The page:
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By way of illustration, after the National Gallery shared a picture of the second painting on its Facebook page in 2016, a couple of users offered up some interesting insights. “One of my faves,” wrote the first individual. “Love the copy in the Louvre too, although technically, this is a copy of that one!”

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The social media user continued, “After da Vinci painted the one in the Louvre, he was asked to do a copy for an English noble. And by the time he got round to doing it, his technique had changed. The one in the Louvre is painted with brushes, the one in the National Gallery is painted with his fingertips.”

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The user’s insight didn’t end there, though, as they made one last point in the comments section. They added, “You can see [da Vinci’s] fingerprints all over it. This was because he said he had realized that his talent was God-given, and the brush was just an encumbrance between him and God.”

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Image: Leonardo da Vinci

That admiration was shared by a fellow social media user on Facebook, who offered their own thoughts on the painting. In their comment, they also looked at one of the key differences between the pieces in London and Paris as well. And according to them, that particular detail was fairly significant.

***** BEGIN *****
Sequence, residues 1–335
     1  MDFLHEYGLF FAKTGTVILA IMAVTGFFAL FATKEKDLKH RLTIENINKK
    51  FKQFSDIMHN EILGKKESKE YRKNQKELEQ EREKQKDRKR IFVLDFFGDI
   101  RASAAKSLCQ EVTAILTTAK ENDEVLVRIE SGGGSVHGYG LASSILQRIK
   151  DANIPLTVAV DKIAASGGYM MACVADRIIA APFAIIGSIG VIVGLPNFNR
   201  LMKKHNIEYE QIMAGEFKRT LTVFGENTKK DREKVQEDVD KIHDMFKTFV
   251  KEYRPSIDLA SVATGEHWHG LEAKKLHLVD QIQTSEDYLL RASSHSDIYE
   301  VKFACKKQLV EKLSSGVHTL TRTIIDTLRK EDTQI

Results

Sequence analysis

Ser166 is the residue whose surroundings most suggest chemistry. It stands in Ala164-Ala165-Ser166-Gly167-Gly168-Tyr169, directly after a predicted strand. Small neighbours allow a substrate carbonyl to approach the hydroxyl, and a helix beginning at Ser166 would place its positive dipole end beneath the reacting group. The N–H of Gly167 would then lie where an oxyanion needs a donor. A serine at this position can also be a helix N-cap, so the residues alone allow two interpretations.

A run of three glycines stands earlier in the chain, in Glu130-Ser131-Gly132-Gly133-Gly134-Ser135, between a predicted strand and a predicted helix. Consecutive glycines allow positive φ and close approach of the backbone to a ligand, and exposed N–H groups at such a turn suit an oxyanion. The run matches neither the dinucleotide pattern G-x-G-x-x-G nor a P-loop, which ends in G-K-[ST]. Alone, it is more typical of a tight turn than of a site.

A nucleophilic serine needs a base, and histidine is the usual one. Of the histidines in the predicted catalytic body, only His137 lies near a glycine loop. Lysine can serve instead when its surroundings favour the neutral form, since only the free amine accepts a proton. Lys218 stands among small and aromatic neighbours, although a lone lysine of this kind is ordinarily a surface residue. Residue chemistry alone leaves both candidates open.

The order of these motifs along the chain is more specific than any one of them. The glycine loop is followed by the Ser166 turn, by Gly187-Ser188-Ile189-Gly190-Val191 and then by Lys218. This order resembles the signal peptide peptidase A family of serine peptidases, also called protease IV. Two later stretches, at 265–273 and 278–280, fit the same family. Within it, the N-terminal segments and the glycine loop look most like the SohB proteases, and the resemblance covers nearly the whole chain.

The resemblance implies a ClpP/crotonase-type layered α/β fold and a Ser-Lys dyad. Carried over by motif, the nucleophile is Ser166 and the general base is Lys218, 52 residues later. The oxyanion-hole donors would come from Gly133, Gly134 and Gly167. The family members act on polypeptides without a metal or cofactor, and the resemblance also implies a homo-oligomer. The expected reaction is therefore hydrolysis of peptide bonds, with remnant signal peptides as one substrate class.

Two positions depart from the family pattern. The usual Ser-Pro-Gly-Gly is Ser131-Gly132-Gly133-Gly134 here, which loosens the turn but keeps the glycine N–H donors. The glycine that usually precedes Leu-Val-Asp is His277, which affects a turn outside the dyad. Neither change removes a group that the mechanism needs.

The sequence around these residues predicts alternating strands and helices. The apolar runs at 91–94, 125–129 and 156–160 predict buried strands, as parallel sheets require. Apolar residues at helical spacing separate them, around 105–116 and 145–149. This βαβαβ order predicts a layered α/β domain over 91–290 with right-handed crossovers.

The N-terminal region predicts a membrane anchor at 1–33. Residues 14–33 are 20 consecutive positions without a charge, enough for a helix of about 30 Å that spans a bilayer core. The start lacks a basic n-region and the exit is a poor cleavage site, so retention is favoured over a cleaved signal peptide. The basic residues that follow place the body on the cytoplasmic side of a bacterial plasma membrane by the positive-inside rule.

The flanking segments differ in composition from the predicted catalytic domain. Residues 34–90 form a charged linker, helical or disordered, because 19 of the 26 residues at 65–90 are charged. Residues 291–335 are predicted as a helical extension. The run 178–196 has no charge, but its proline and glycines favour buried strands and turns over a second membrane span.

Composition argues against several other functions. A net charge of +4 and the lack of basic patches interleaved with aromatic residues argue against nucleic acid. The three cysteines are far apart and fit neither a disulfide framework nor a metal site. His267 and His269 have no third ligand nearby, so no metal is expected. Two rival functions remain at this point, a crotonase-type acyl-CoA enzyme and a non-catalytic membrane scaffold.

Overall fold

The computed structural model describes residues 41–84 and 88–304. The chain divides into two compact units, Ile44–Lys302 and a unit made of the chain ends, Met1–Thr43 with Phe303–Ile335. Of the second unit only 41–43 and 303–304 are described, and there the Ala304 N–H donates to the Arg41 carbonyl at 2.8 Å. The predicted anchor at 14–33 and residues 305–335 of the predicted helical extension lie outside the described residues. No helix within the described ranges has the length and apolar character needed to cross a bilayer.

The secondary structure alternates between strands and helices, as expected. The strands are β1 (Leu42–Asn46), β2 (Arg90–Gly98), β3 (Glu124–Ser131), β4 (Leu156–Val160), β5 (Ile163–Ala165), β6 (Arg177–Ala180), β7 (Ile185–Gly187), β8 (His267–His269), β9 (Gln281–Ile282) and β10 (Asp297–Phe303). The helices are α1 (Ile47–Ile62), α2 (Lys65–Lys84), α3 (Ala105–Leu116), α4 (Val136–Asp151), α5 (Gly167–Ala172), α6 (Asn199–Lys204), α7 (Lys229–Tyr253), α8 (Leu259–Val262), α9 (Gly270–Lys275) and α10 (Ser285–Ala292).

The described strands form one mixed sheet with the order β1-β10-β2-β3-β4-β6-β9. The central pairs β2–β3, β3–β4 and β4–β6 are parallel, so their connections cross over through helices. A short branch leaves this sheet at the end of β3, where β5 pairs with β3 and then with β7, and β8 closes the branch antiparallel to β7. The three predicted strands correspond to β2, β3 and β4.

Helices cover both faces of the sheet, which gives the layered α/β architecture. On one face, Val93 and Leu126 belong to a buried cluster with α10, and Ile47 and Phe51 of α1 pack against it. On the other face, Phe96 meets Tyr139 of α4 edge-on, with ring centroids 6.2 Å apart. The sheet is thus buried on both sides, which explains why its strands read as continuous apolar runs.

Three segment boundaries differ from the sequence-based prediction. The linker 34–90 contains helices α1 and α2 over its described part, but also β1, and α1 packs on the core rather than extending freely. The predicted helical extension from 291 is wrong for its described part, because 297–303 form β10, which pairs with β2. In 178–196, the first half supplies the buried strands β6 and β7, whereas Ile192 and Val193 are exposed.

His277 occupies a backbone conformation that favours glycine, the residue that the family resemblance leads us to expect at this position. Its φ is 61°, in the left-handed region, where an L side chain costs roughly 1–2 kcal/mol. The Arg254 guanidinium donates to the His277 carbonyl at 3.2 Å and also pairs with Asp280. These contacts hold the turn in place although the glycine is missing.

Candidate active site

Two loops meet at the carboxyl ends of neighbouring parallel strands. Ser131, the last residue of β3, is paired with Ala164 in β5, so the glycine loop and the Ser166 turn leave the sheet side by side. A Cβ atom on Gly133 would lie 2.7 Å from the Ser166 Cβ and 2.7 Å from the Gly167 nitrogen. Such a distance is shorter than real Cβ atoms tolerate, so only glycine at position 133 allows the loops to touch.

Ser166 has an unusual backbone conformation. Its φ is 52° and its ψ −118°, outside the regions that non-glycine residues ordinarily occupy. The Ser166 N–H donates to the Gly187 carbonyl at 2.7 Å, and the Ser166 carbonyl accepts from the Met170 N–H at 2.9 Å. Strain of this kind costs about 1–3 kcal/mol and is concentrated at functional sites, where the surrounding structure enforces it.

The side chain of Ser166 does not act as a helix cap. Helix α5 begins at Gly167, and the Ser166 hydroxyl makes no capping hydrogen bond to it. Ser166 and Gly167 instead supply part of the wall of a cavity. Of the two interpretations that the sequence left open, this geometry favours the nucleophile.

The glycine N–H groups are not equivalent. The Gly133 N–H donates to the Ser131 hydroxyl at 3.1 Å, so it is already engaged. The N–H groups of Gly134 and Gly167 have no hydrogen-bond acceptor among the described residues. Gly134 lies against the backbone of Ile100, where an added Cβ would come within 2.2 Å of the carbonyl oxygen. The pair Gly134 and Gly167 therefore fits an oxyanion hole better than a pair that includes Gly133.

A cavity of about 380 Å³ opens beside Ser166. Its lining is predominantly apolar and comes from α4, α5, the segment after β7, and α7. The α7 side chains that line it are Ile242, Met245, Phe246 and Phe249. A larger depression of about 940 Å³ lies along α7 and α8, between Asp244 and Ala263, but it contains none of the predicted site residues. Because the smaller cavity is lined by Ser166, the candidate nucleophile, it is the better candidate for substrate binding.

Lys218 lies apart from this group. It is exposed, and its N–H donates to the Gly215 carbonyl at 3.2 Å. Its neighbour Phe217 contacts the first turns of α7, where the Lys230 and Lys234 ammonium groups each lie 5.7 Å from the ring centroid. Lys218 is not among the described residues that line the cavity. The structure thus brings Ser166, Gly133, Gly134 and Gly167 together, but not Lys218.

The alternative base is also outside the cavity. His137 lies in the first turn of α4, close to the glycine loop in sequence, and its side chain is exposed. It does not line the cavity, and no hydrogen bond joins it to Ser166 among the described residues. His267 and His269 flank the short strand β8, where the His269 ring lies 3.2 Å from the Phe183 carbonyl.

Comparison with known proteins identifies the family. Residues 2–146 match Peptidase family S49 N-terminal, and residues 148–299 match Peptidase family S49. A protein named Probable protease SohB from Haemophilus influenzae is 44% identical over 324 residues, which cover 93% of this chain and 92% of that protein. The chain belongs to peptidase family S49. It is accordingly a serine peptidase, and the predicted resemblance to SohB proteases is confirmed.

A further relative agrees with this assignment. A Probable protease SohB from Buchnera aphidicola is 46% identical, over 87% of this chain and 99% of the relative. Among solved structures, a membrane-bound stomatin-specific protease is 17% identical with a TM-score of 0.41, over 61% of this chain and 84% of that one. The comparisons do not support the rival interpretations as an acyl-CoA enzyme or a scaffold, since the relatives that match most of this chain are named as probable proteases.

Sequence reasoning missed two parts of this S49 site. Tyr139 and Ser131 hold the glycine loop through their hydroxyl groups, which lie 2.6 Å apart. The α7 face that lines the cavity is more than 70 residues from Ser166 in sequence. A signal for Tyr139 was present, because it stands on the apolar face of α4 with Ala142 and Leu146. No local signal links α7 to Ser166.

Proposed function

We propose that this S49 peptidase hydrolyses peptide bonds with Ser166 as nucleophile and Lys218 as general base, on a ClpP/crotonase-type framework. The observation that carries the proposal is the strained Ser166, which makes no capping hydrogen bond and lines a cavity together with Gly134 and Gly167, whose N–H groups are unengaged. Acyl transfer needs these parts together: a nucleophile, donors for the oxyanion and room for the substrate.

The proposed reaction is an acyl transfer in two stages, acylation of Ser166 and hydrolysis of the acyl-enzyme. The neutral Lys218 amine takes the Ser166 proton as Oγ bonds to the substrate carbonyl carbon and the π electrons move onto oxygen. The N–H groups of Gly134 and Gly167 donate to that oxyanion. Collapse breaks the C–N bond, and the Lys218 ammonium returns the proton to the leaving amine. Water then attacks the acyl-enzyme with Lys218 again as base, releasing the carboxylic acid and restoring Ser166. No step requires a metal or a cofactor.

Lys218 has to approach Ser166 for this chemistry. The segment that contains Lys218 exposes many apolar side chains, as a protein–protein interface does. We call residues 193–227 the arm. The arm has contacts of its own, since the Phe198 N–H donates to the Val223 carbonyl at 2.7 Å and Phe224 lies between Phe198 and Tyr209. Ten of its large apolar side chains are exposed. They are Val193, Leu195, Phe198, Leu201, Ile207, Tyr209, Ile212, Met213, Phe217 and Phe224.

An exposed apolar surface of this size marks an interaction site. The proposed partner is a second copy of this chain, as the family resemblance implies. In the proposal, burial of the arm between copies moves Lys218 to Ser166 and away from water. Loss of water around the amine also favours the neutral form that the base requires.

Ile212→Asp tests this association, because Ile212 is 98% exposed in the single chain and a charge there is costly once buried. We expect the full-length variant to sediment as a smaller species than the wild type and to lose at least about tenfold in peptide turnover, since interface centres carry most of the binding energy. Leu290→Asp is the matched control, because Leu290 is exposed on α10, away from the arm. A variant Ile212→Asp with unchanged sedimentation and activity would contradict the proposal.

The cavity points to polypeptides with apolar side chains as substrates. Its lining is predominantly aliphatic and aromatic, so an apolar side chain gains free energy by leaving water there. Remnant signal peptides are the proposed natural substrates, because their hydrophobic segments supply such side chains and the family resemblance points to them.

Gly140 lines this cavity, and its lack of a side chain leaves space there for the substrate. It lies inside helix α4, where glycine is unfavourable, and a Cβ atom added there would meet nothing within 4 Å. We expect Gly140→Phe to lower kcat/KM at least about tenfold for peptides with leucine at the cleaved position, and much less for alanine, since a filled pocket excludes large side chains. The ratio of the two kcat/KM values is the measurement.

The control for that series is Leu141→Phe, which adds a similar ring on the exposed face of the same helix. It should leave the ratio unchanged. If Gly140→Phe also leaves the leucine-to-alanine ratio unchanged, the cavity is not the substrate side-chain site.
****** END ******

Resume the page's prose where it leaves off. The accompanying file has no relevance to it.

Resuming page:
Image: Leonardo da Vinci

“Always loved this painting, and the older version in the Louvre, but this one is much stronger and real to me,” the user wrote. “Also, I prefer not to have the angel’s right hand pointing across, as in the Louvre version, because I think it just distracts from Mary’s beautifully foreshortened hand! Da Vinci is so cool!”

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Meanwhile, as fans continued to hail da Vinci’s work on those paintings down the years, some stunning news came to light back in 2005. That year, a group of researchers at the National Gallery discovered a sketch underneath the piece. As it turned out, it was an alternative composition of Mary in another position.

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The incredible find was made thanks to the use of “infra-red techniques,” with the experts picking up on some other outlines. Then, at the start of 2019 more research was conducted by the gallery, as it prepared to open up a new exhibition. However, few people could have predicted what would be revealed.

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Image: Leonardo da Vinci

In their most recent examination, the group of researchers scanned the painting exploiting a new technique, known as macro X-ray fluorescence. This meant they were able to uncover more of da Vinci’s initial sketches beneath the piece. This was made possible due to the drawing material the artist had used, which included traces of zinc.

Thanks to those scans, the experts could see additional drawings of both Jesus and the angel, alongside the previous sketch of Mary. A representative of the National Gallery spoke to U.K. newspaper The Guardian about the discovery. “Why Leonardo abandoned this first composition still remains a mystery,” they said in August 2019.

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The spokesperson continued, “Handprints resulting from patting down the priming on the panel to create an even layer of more or less uniform thickness can also be seen. Probably the work of an assistant – but perhaps even by Leonardo himself.” That wasn’t all, though, as they also touched upon the composition itself.